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R.D. Leyva serves as the Director of National Engagement at Latinos for Education where he connects Latinos to professional development opportunities and leads communications and marketing. Prior to this role, he served as Director of Diversity and Leadership at Teach For America, where he supported the organization’s corps members and alumni of color across the country. He was responsible for building and developing a strong regional presence of alumni through their involvement with The Collective, Teach For America’s Alumni of Color Association. R.D. led efforts to create regional alumni advisory Collective boards in 32 regions across the country. He also supported national initiatives, including corps member and alumni summits and the annual School Leaders of Color Conference.
R.D. began his professional career as a middle school math teacher in West Philadelphia while earning his teaching certification at The University of Pennsylvania. He is a native Texan and holds a B.S. in Interpersonal Communications from The University of Texas at Austin. He is also a graduate of the Stanford Latino Entrepreneurship Leaders Program and an inaugural Pahara-Aspen NextGen Fellow. As a proud Mexican and first-generation college graduate, R.D. is passionate about supporting an inclusive community of Latino leaders from diverse backgrounds.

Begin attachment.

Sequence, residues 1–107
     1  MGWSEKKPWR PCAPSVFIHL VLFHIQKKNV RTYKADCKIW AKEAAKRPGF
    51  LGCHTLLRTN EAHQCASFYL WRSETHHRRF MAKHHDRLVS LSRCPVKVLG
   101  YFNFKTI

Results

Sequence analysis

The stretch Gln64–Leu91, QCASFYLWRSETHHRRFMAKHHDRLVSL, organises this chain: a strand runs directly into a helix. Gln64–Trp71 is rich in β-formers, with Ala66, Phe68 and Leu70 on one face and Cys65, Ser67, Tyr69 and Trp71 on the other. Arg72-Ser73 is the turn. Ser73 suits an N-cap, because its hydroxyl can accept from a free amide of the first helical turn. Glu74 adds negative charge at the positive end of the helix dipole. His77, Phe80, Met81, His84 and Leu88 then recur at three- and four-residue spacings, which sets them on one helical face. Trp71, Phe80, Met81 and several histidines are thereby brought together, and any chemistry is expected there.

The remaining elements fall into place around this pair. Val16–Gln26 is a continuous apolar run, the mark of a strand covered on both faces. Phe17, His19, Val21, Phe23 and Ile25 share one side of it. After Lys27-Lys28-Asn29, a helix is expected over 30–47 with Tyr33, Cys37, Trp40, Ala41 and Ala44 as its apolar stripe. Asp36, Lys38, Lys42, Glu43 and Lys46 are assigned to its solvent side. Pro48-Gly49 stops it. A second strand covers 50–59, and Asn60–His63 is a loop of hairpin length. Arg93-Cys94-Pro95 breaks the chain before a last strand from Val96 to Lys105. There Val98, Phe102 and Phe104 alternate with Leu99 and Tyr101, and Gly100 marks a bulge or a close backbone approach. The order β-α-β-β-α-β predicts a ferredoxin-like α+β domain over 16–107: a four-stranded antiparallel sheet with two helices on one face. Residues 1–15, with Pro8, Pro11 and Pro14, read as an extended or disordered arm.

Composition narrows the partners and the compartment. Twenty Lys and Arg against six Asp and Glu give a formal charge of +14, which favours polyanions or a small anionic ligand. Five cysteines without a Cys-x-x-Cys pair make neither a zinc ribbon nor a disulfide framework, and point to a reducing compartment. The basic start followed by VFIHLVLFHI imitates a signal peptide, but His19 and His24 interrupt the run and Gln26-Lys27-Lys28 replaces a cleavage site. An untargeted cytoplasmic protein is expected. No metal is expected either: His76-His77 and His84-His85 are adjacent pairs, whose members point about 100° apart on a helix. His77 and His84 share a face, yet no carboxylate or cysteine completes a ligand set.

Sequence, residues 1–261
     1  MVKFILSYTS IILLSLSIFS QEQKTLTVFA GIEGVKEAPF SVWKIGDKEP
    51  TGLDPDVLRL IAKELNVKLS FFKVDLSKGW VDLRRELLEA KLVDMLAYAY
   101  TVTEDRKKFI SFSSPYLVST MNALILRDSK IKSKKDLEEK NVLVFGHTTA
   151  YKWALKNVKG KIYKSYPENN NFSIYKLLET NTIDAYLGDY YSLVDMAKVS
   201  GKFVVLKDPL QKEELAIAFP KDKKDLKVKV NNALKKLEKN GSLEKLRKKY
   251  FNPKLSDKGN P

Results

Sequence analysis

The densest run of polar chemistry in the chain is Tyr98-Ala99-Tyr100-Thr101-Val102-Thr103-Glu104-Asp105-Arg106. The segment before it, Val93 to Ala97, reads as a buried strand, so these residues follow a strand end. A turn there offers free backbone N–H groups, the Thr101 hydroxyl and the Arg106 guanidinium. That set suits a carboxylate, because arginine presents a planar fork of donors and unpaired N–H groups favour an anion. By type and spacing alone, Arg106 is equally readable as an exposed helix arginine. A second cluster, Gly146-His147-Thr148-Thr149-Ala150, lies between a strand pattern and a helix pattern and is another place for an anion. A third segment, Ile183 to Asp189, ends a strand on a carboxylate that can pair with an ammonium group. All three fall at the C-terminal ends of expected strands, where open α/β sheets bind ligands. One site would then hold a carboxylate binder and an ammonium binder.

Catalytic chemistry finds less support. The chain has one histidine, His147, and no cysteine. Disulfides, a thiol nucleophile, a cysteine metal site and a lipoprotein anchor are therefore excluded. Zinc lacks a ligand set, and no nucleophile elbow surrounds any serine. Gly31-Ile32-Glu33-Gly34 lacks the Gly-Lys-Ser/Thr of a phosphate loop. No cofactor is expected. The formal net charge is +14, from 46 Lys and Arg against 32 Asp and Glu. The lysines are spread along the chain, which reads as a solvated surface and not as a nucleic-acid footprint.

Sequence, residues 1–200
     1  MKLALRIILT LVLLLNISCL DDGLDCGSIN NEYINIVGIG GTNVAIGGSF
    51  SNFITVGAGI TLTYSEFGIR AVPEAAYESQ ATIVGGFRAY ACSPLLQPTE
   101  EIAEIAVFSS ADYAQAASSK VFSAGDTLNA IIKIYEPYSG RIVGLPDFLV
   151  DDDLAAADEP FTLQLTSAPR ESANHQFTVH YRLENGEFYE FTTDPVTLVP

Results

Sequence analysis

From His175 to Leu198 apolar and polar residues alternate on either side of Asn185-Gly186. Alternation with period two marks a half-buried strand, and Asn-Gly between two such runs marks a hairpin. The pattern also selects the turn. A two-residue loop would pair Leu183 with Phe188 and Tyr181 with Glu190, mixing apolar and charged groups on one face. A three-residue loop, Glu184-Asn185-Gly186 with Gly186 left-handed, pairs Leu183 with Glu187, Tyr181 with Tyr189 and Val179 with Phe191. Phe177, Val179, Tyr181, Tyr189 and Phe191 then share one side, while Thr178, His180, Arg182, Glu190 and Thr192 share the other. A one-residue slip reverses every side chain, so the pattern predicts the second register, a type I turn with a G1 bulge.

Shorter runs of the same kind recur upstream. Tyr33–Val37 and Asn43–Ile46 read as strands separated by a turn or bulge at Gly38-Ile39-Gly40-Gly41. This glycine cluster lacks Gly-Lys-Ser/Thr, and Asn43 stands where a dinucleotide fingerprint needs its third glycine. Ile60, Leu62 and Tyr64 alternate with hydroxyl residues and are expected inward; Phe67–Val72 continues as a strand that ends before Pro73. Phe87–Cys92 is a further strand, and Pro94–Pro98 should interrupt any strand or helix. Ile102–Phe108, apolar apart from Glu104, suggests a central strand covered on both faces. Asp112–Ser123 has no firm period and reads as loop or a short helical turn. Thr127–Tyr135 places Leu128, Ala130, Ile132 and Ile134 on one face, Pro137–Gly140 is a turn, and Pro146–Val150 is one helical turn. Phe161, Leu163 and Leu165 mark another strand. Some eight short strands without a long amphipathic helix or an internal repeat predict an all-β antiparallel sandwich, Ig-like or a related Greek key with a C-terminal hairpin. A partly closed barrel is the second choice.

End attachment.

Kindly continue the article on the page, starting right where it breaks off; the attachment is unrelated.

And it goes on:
Amanda has 25 years of experience in the areas of recruiting, diversity, organization development, change management, strategic planning and Latino community relations. Prior to this, she was the Vice President of Latino Community Partnerships at Teach For America, where she developed relationships with national Latino serving organizations to advance recruitment of Latino teachers and support Latino alumni. Amanda was a Director at The Bridgespan Group where she served as an organizational consultant to youth and education clients in support of their strategic planning efforts. She also spent seven years at Deloitte, an international professional services firm, where she focused on human capital consulting projects and diversity program management for Deloitte staff nationally. Over the course of her professional career, Amanda has been a frequent speaker at conferences and events. She is a blogger on Huffington Post Latino Voices, a Senior Fellow at FutureEd, and she has been featured in Poder Magazine’s list of movers and shakers. In 2017, Amanda was appointed to the Massachusetts Board of Elementary and Secondary Education. She also serves on the Board of Directors for Achieve Mission and Roxbury Community College, as well as the advisory board for RISE Colorado and Innovare Social Innovation Partners. El Planeta named her one of the 100 most influential Hispanics in Massachusetts. Amanda holds an M.S. from Fordham University and lives in the Boston area with her spouse and two children.